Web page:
- AngularJS vs React.js
- AngularJS vs Node.js
- AngularJS vs Ember.js
- AngularJS vs Microwave
- AngularJS vs PHP
- AngularJS vs jQuery
- AngularJS vs Bear Grylls
- AngularJS vs AngularJS
One thing I see being compared a lot is Angular and Meteor. Whoa. Hold on just a second there.
Let us all just take a step back here for a moment. Angular and Meteor are not the same. They’re not even in the same league. Angular is a roller derby and Meteor is the stadium. While Angular can be used inside of Meteor and Meteor can be used in place of Angular, they are not the same.
Repeat after me: Angular and Meteor are not the same.
Write it down, print out flyers, put it on billboards, send yourself an email and CC your friends and family: AngularJS and MeteorJS are not comparable. Apples to oranges.
While AngularJS is pretty much set in its ways and will not go down without a fight, Meteor lays down its arms and lets you override every aspect of it.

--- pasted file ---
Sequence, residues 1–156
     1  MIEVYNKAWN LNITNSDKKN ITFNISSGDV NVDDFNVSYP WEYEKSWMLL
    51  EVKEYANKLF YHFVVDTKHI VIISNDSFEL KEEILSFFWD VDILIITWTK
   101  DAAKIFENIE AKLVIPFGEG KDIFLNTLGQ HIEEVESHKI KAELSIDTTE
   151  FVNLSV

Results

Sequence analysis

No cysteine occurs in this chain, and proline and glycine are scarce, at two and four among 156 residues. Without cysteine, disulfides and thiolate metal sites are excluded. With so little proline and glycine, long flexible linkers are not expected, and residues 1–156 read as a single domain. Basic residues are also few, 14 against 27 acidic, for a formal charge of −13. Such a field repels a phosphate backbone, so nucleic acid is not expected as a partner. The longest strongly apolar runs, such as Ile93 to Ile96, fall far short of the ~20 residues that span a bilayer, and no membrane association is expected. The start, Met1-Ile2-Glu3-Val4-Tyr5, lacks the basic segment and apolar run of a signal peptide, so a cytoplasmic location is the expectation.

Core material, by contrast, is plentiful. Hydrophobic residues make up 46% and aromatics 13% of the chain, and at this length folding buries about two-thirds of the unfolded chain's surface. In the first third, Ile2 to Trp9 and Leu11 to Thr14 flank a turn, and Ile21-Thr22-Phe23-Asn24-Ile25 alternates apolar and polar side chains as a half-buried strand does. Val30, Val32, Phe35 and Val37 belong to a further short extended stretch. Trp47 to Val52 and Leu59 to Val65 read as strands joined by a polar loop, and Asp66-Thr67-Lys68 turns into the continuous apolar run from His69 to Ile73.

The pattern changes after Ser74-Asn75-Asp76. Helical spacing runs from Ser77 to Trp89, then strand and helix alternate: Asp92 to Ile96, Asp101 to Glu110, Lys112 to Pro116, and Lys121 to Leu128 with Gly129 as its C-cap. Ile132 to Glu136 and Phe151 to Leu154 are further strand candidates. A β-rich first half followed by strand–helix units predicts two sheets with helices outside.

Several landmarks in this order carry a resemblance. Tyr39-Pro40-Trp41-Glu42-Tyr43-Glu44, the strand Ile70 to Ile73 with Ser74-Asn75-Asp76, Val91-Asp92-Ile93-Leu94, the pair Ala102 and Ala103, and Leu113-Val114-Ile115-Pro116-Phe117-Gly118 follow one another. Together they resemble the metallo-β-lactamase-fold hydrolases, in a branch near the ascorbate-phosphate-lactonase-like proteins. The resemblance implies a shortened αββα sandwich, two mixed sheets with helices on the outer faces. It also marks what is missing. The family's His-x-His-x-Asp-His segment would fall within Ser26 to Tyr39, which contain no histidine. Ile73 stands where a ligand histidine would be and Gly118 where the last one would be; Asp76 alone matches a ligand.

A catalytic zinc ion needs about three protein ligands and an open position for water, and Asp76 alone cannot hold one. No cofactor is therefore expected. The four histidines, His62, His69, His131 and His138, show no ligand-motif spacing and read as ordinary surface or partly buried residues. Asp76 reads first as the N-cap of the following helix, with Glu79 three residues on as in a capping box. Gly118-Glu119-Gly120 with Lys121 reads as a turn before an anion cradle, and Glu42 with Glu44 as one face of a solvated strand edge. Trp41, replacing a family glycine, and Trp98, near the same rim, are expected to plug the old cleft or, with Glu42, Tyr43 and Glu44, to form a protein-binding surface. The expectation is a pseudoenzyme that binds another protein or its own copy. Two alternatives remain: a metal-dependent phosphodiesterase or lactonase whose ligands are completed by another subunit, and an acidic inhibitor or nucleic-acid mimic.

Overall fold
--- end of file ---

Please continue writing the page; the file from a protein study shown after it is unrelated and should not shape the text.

If you want to get specific, Blaze which is the View Templating component of Meteor and comparable to AngularJS. You can even replace Blaze with AngularJS if you feel like you need to.
A better way to view things is Angular is the windscreen of a car, Meteor is the entire car and road that it drives on. Angular is concerned with the front-end aspect, but because MeteorJS is full-stack and isomorphic it handles everything from the front-end to routing and the back-end. You can create universal state applications using it.
Having said all of that, I don’t like Meteor. It feels too monolithic and when things go wrong, it can be hard to find an answer. For a stack that is being used by more and more startups, when shit hits the fan you can feel a little stranded at times.